The NBA All-Star Weekend typically marks the halfway point in the professional basketball season, coming as a welcomed break to the draining 82-game season. Though this year’s mid-season All-Star Game will arrive a bit early amid controversy, the Memphis Grizzlies, coached by Penn alumnus Taylor Jenkins, will rejoice at the opportunity to regroup before a loaded back half of the season.
With just a few games remaining before the All-Star Game, the Grizzlies are a game under .500. They sit at 10th place overall in the Western Conference, contending with other middle-of-the-pack teams vying for a coveted playoff spot.
At the surface, Memphis seems unexceptional. The Grizzlies are a smidge below average with their record of 13-14. However, the team’s record and their standing in their conference do not paint the full picture. As always, more context is needed.
To begin with the basics, the Western Conference is notably stacked. It requires a seasoned team to be in the hunt for a playoff spot, some of whom could pose a serious threat with the right matchup.
The Grizzlies should also not fret about their record or position in the standings. For one, the team has dealt with a fractured first half of the season.
Due to COVID-19 tracing and positive tests, the Grizzlies have had six games postponed, five of which were in a row. These games were rescheduled for the second half of the season, when the Grizzlies will be set for 41 games in two months.
These interruptions especially matter for a young and gelling team like Memphis. The team is exceptionally young; only one player is above the age of 30. Moreover, much of the group is returning from last season, leaving the possibility for a ‘one-year leap’ as players on the team become fully accustomed to one another.
Case in point, the Utah Jazz, who returned a historic percentage of its team this year. This example is particularly relevant to Memphis, who share a common team composition and gameplay with the Jazz.
For instance, both teams rely upon a steady defensive presence coupled with frequent three-point shooting, pick-and-rolls between guards and finishing centers, and ball movement. Another similarity is each team’s respective star guard: Memphis’s Ja Morant and Utah’s Donovan Mitchell.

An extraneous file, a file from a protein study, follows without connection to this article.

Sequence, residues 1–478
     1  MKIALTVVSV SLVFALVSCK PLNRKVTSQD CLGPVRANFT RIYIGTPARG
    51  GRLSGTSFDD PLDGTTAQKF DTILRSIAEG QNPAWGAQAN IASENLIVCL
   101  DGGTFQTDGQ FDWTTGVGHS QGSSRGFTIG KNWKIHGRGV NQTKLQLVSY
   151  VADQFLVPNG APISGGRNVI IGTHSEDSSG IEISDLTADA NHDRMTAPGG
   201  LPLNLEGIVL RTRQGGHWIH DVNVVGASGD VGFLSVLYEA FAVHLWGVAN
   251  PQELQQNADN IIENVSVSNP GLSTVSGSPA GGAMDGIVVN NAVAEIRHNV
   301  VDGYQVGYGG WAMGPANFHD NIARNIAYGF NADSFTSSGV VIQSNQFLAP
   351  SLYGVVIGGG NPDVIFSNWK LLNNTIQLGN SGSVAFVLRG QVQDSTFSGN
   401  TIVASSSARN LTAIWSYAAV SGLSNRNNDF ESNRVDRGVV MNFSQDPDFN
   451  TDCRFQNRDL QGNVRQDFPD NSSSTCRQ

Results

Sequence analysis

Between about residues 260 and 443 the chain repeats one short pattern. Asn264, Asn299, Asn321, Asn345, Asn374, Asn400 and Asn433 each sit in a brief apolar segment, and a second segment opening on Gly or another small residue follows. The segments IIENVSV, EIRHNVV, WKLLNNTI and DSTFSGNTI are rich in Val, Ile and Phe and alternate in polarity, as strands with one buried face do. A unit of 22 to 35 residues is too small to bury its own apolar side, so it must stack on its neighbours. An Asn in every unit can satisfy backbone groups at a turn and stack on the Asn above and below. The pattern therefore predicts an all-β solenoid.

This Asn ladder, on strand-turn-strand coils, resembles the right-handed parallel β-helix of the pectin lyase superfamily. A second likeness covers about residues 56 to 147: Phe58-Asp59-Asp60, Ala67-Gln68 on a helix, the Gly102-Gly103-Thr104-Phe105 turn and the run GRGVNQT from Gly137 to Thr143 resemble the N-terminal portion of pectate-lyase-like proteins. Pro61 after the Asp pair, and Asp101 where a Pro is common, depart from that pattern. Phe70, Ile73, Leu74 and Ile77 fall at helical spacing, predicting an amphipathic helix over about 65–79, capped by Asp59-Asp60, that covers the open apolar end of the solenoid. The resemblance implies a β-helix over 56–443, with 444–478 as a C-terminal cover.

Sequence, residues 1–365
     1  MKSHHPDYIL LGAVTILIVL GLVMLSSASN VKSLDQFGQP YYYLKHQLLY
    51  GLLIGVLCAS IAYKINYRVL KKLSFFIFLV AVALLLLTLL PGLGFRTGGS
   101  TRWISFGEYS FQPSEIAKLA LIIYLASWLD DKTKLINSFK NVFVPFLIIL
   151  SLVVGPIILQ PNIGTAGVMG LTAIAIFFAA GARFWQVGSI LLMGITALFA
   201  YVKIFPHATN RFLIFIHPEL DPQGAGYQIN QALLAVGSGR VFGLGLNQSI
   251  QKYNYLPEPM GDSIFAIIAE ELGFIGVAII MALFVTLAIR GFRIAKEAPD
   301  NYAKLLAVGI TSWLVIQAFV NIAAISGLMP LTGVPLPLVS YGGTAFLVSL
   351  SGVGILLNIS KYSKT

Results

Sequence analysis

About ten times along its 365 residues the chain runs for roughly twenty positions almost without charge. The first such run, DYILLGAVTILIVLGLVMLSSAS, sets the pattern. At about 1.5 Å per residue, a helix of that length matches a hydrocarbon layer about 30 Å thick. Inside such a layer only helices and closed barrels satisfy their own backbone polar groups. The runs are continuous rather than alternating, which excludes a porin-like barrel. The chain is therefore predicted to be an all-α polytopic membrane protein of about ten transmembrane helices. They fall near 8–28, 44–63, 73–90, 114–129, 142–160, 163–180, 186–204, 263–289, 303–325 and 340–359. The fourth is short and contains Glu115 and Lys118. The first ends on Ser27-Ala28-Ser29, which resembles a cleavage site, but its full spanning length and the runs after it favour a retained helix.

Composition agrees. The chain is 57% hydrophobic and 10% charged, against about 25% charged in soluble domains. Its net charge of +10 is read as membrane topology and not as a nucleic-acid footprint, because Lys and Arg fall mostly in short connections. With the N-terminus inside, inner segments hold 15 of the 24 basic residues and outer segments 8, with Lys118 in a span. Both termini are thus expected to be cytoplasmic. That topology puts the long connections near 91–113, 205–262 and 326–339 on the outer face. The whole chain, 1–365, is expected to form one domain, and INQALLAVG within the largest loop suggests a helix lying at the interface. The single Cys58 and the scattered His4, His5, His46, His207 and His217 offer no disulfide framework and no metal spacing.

Morant, a budding young star in the NBA, missed eight games due to a sprained left ankle and is likely still ailing from the lingering effects. Despite this setback, the guard is averaging about 19 points and eight assists per game, numbers that some believe merited an All-Star Game selection.
Morant’s supposed sidekick, Jaren Jackson Jr., has not been able to make it onto the court yet this season, being plagued by injuries. However, the tandem will have plenty of opportunity to sharpen their on-court chemistry and carve out a large portion of the Grizzlies offense when Jackson Jr. returns shortly.
The Grizzlies’s youth also shines on their coaching staff, as head coach Taylor Jenkins is the second youngest active coach in the NBA (following the Timberwolves firing Ryan Saunders recently). Jenkins is also the only NBA coach to never have played college basketball. He graduated from Wharton in 2007.
During his undergraduate time at Penn, Jenkins’s main connection to basketball was running a youth league in West Philadelphia. That was until Jenkins managed to intern in the Spurs’ front office.
Seemingly impressing the team’s management, Jenkins was invited back after graduating and assigned to a coaching role for the Spurs’ D-League team. After excelling yet again, Jenkins traveled around the league for a decade as an assistant coach in Atlanta and Milwaukee.
Jenkins’ hard work was clearly rewarded, as he was hired as the Grizzlies’s head coach in 2019, his first time in the top coaching role.
The Grizzlies are full of complementary pieces. Though Morant shines out as the team’s athletic dunk machine, the team relies on various contributors in the backcourt such as guards Tyus Jones and Grayson Allen. Moreover, Xavier Tillman, Dillon Brooks, and Kyle Anderson are a solid trio of wings, capable of fulfilling the sought after 3-and-D prototype.
At the center of the team is the Lithuanian Jonas Valanciunas, who is back to posting stellar numbers after getting COVID-19 and missing four games. The big man is averaging 16 points and 11.2 rebounds per game on the 15th best field goal percentage in the league.
Memphis is extremely well-rounded with few major weaknesses at any position. Of course, upgrades are possible for them, but the team currently presents a balance and collaborative offensive attack, ranking third in team assists per game.
For all their passing, however, the team needs to improve their three-point shooting, as they rank 22nd in team three-point percentage. Specifically, Morant needs to improve upon his abysmal mark of 22% from three-point land.
In the immediate future, the Grizzlies will hope to gain some momentum heading into the All-Star break. They face the Clippers in back-to-back games, and in order to rise above the .500 norm for the rest of the season, the Grizzlies need to steal games from better teams.